School's Plan To Take Down Mean Girls

Wimbledon High School is stepping up


How many of you have ever felt personally victimized, if not by Regina George, than by an equally difficult girl at school?

School's a good site for growing up: it provides boundaries to rebel against which simultaneously create an environment that feels safe. You're able to work out who you are and what you like – but when your classmates decide that what they actually don't like is you, what do you do?


If you're Jane Lunnon, you hire an education consultant. The headmistress of Wimbledon High School is hoping to break up 'toxic cliquey gangs' through Emma Gleadhill, who will discuss 'failing friendships' with students aged 13 to 15.


Lunnon notes that pupils' relationships are a key motivator in how they fare academically, and that social media plays a detrimental role in this. She claims that Facebook, SnapChat and the like make pupils feel insecure about their friendships as they receive 'relentless messages' suggesting others are more popular than they are.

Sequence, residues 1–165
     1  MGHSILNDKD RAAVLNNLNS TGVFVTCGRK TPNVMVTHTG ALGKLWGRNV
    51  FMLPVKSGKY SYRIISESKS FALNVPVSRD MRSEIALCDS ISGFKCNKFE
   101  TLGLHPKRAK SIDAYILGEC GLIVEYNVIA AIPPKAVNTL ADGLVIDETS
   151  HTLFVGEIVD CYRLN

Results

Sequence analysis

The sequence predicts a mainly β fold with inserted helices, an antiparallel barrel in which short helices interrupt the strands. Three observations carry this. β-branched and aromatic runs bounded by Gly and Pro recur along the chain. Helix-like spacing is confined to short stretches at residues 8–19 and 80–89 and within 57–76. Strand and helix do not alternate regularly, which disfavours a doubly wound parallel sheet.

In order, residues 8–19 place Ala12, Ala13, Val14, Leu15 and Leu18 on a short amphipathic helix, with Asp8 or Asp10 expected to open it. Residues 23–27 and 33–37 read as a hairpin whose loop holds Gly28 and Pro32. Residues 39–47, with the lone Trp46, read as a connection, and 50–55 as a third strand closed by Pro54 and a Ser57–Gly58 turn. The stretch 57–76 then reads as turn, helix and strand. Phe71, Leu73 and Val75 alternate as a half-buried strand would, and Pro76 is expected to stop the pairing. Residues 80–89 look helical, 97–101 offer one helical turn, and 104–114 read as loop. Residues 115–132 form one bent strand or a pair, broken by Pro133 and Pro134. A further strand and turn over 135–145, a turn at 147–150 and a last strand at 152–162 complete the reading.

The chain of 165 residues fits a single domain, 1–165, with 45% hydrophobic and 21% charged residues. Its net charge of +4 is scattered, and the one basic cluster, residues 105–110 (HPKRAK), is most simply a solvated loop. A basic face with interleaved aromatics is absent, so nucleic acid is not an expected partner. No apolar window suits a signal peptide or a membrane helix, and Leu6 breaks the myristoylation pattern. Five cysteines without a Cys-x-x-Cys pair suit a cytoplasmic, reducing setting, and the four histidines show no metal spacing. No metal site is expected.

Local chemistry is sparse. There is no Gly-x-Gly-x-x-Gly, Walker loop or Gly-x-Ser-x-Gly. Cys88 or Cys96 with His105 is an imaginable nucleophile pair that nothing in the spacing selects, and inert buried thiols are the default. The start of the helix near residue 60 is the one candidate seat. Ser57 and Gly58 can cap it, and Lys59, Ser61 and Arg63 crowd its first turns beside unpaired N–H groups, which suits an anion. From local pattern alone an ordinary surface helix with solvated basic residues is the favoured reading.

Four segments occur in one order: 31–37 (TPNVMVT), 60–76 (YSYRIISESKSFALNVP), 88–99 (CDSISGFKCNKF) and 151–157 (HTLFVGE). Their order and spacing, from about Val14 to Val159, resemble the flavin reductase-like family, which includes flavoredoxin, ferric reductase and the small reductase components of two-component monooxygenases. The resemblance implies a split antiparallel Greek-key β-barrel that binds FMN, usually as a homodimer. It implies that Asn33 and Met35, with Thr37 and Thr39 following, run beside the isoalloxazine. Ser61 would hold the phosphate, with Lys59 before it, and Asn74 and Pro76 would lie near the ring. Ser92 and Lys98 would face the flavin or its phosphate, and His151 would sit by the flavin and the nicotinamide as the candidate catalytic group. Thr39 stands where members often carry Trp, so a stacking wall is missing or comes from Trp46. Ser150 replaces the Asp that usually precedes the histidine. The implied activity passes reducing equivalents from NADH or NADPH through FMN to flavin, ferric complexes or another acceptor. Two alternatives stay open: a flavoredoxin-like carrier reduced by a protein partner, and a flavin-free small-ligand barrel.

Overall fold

Three years ago I graduated from an all-girls school which I loved with an ardent, teenage, possibly misplaced passion. I was never bullied, but I did cry when I didn't get invited to Hannah Marshall's Halloween party. And when Eileen Griffiths told me that I looked better in the mirror than I did in real life.

If there had been an education psychologist, maybe Eileen would have stayed shtum, but more likely I would have been able to shrug her words off better. Schemes that provide support for teenage girls can only ever be a good thing. Here's hoping that this one takes off.

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